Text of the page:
API read callbacks

The successCallback and errorCallback Mozilla implementation for find(...) is identical to that defined in the W3C Contacts API.

Resulting Contact objects seem to match to a large degree (to be discussed wrt Portable Contacts usage).

API write methods

It would be interesting to get more info on whether write methods are in the roadmap of the Mozilla implementation.

Auto-Complete on <input type='text'/>

My understanding is this: the Mozilla implementation auto-detects input text fields with a name attribute of 'email'. Autocomplete then applies to these input elements, managed from the UA rather than any API.

An auto-complete API has been discussed in this W3C group. The discussion ended with the suggestion that auto-complete would be a product of web app and/or UA coding rather than requiring any special API 'autocomplete' call(s). The Mozilla implementation seems to support this view.

It seems reasonable to leave auto-complete functionality/implementation to the developers - though perhaps some guidelines/requirements around UI could be useful in the W3C spec according to what Mozilla have demonstrated.

Privacy and Security Considerations

There is considerable activity around the 'Security and Privacy' sections included in most W3C DAP API specs - including the Contacts API Security and Privacy Considerations. However, based on the current text, the Mozilla implementation is a good example of the effectiveness of leaving UI considerations to implementers. The innovation demonstrated aids in our understanding of the requirements required and is likely to help us refine these sections in the specs. That's not to say we don't need to do more in the W3C Security and Privacy sections - we probably do - just that early implementations such as Mozilla Contacts help to inform us on the requirements better.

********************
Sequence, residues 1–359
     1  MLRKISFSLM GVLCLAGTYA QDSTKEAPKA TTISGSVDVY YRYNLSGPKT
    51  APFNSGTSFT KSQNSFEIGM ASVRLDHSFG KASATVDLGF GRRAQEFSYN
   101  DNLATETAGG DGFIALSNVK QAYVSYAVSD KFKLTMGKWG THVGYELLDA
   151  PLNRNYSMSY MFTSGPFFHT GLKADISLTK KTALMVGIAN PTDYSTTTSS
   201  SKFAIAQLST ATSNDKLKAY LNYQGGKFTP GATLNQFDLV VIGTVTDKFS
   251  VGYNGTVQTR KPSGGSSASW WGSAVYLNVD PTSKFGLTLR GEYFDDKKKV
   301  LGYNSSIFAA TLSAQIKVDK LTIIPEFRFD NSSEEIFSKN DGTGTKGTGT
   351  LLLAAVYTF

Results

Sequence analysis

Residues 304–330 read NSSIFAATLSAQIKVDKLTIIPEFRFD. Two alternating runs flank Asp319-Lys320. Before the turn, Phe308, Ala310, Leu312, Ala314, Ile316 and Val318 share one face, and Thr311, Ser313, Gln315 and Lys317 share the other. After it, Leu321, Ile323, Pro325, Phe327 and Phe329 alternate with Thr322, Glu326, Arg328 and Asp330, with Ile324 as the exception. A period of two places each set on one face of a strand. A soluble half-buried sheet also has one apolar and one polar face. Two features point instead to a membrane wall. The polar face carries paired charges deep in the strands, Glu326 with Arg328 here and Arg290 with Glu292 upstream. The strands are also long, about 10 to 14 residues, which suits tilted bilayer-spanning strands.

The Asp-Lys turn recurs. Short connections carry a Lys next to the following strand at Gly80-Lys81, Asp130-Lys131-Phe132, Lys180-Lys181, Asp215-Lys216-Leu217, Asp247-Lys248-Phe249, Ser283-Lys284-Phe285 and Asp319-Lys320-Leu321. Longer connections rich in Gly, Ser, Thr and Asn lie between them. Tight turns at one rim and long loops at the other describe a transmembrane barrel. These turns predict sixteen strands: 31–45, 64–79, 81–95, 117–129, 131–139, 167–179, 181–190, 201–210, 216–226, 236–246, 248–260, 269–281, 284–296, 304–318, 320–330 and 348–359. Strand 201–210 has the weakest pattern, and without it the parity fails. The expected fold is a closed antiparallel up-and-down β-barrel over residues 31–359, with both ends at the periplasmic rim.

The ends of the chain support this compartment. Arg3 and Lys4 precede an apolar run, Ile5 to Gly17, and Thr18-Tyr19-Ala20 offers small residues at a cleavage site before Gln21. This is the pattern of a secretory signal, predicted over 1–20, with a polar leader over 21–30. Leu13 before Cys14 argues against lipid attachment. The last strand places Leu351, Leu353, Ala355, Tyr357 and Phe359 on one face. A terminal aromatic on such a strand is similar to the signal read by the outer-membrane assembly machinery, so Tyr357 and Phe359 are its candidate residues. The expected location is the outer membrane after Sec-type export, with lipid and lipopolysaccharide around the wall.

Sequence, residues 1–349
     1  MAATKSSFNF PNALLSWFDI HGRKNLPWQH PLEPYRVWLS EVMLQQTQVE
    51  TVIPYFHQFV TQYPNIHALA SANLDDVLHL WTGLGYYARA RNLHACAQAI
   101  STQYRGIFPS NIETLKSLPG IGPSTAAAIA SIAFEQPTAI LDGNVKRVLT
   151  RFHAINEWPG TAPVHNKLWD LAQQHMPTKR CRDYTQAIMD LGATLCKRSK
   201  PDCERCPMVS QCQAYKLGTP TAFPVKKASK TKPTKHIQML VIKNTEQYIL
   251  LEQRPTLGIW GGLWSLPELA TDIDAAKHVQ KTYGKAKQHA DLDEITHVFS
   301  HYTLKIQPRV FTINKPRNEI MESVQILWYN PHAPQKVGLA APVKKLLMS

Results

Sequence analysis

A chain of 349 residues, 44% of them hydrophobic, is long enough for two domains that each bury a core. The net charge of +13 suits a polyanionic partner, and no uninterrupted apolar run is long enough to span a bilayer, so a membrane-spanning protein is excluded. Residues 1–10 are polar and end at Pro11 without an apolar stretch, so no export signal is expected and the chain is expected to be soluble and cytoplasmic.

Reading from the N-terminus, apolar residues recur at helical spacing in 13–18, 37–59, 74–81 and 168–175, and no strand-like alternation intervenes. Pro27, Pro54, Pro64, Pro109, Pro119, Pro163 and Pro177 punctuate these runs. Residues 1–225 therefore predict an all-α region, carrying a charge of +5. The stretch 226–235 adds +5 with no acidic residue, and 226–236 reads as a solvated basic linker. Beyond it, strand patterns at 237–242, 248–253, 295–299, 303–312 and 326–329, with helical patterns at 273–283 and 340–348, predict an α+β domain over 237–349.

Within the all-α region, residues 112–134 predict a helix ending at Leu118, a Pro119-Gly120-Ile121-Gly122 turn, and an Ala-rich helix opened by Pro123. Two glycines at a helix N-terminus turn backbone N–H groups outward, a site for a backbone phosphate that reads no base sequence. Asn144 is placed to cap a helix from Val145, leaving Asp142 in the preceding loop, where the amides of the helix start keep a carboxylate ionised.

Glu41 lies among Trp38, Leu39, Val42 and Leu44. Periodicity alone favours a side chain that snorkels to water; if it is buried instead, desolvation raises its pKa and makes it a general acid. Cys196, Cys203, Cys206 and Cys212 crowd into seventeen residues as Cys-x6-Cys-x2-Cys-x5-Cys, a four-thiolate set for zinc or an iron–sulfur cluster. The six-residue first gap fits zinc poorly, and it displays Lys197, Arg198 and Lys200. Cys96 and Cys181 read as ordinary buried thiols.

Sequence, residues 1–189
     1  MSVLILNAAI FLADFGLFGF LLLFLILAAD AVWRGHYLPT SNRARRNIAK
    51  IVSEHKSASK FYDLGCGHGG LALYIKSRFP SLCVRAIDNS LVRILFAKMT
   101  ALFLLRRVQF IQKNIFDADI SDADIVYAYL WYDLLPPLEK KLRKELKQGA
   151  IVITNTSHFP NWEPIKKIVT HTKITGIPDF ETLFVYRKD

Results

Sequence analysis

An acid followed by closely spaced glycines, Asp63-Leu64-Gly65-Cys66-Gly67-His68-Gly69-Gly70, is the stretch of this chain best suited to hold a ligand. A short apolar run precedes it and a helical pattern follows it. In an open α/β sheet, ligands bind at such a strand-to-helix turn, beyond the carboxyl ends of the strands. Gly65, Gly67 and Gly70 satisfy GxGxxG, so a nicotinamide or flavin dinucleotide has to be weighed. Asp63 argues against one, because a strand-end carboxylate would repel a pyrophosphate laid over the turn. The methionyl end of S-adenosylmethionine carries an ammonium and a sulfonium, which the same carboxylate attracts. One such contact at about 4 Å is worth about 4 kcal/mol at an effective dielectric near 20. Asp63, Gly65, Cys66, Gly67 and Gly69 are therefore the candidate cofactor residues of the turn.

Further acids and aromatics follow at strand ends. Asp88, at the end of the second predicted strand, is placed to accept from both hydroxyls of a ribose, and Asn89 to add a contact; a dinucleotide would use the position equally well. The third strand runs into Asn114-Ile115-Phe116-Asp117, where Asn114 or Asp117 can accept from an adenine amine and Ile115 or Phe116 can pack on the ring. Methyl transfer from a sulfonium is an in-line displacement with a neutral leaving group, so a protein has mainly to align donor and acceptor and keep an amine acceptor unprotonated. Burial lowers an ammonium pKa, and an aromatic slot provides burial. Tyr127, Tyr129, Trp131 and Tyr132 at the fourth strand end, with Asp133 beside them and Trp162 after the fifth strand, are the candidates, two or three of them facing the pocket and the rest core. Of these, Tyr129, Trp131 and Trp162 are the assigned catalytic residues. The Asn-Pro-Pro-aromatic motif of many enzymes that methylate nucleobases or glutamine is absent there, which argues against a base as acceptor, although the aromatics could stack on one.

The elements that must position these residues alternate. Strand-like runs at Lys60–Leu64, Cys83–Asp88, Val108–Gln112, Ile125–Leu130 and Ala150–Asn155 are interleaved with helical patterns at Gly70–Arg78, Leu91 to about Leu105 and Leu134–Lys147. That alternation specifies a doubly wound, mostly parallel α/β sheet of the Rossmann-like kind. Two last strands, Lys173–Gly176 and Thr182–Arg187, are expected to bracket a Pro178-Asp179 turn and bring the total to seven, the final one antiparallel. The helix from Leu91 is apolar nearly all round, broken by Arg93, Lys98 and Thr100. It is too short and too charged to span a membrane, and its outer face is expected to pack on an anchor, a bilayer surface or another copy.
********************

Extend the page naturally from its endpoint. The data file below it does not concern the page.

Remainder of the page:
The Mozilla implementation presents a non-modal dialog asking the user whether they would like to share address book information with the requesting web application. On clicking 'Allow Access...' the user is then presented with a modal dialog to select the Contacts to share. The workflow of the user is respected with this implementation. The user is not interrupted during their workflow and direct interaction with the non-modal informational bar results in a 'confirmation' modal Contact Picker dialog - allowing the user to select and control the data to exchange with the web application at a granualar level. It could have been confusing but the Mozilla implementation shows this working really nicely (IMO).

Furthermore, the implementation allows users to view permissions previously granted, revoke provided permissions and manage their contact information via chrome-based urls. This is inline with the Security and Privacy requirements included in the W3C Contacts API.